Date of this Version
arXiv:2206.14585 [cond-mat.mtrl-sci] 29 June 2022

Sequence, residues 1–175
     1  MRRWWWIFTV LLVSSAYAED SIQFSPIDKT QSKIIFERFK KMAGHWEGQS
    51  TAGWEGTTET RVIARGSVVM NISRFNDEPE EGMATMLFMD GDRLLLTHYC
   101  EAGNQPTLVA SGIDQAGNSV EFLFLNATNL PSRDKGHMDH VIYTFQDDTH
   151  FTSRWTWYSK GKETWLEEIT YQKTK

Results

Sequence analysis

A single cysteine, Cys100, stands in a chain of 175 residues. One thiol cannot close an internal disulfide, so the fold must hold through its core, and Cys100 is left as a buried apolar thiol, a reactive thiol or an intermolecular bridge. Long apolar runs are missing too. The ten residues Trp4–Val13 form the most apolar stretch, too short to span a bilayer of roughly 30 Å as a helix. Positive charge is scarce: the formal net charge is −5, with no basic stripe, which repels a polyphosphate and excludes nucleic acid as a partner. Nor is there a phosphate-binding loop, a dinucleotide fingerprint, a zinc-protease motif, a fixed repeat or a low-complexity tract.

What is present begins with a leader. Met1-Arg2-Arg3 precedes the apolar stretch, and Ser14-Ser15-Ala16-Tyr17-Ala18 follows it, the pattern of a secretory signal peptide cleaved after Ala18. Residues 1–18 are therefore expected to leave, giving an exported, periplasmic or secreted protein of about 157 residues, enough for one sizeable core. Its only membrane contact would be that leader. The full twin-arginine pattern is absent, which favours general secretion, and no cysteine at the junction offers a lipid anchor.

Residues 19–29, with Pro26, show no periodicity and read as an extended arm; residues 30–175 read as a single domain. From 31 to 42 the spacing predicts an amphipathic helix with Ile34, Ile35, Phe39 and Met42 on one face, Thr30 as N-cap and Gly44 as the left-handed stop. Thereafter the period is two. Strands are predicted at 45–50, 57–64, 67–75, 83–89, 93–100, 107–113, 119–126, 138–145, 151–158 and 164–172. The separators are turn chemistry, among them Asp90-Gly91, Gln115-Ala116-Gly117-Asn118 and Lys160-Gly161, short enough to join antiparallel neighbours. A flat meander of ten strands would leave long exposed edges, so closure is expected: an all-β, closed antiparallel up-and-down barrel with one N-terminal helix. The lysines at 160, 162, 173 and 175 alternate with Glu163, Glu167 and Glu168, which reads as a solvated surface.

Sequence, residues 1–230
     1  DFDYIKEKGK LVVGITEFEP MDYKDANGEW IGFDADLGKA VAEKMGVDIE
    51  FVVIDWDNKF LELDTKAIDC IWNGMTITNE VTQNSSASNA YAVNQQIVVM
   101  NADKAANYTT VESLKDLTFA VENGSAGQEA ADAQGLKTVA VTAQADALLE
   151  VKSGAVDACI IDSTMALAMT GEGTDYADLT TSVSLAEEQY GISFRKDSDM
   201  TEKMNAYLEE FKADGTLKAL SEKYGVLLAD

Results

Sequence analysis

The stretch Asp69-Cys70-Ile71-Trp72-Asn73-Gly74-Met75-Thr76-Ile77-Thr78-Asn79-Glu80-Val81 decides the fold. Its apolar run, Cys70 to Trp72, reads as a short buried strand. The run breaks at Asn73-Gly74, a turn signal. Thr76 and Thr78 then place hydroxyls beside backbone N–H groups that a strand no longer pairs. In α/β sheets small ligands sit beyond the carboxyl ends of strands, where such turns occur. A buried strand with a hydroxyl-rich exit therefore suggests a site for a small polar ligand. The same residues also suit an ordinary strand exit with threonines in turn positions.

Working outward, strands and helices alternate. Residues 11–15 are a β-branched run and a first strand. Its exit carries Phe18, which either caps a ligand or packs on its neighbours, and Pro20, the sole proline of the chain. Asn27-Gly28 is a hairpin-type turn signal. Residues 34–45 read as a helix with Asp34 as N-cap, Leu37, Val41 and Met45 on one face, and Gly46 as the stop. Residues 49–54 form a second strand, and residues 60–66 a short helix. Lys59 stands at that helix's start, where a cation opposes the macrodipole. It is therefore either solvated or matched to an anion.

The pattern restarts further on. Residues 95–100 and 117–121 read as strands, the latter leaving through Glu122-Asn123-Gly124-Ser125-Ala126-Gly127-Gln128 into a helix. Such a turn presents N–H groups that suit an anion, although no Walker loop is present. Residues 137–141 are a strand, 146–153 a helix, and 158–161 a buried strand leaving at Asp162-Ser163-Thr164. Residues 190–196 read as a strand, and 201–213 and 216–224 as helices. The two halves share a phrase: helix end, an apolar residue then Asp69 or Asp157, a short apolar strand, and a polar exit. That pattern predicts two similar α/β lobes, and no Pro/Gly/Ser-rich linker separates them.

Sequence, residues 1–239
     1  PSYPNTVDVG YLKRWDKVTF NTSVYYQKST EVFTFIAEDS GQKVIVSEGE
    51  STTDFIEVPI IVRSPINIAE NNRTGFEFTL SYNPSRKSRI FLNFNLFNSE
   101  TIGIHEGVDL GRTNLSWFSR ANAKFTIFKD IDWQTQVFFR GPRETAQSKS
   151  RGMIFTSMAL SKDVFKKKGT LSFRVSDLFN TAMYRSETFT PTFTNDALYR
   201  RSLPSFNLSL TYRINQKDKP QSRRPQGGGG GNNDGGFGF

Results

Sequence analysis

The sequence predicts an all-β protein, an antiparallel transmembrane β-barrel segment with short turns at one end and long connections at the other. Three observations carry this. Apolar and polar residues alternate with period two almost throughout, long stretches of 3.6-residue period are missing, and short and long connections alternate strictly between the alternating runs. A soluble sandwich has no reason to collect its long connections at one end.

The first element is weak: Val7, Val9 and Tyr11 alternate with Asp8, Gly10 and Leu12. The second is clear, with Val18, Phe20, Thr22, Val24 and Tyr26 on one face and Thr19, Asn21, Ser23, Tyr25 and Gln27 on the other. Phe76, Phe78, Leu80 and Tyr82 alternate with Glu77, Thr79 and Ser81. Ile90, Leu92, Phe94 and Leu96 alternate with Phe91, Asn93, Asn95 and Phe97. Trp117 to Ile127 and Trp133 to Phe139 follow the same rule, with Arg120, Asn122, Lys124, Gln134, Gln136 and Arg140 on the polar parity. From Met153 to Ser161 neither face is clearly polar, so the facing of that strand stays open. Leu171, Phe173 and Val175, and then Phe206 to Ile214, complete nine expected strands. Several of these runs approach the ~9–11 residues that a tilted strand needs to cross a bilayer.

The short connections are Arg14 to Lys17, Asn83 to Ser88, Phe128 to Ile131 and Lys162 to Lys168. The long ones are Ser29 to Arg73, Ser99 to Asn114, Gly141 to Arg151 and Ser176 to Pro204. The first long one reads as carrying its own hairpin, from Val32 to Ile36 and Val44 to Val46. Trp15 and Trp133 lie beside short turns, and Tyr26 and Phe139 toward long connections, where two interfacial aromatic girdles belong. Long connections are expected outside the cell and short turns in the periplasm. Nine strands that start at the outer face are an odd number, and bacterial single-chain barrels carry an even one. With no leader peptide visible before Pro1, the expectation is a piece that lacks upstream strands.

Recently, electrically conducting heterointerfaces between dissimilar band-insulators (such as lanthanum aluminate and strontium titanate) have attracted considerable research interest. Charge transport has been thoroughly explored and fundamental aspects of conduction firmly established. Perhaps surprisingly, similar insights into conceptually much simpler conducting homointerfaces, such as the domain walls that separate regions of different orientations of electrical polarisation within the same ferroelectric band-insulator, are not nearly so well-developed. Addressing this disparity, we herein report magnetoresistance in approximately conical 180° charged domain walls, which occur in partially switched ferroelectric thin film single crystal lithium niobate. This system is ideal for such measurements: firstly, the conductivity difference between domains and domain walls is extremely and unusually large (a factor of at least 1013) and hence currents driven through the thin film, between planar top and bottom electrodes, are overwhelmingly channelled along the walls; secondly, when electrical contact is made to the top and bottom of the domain walls and a magnetic field is applied along their cone axes (perpendicular to the thin film surface), then the test geometry mirrors that of a Corbino disc, which is a textbook arrangement for geometric magnetoresistance measurement. Our data imply carriers at the domain walls with extremely high room temperature Hall mobilities of up to ~ 3,700cm2V-1s-1. This is an unparalleled value for oxide interfaces (and for bulk oxides too) and is most comparable to mobilities in other systems typically seen at cryogenic, rather than at room, temperature.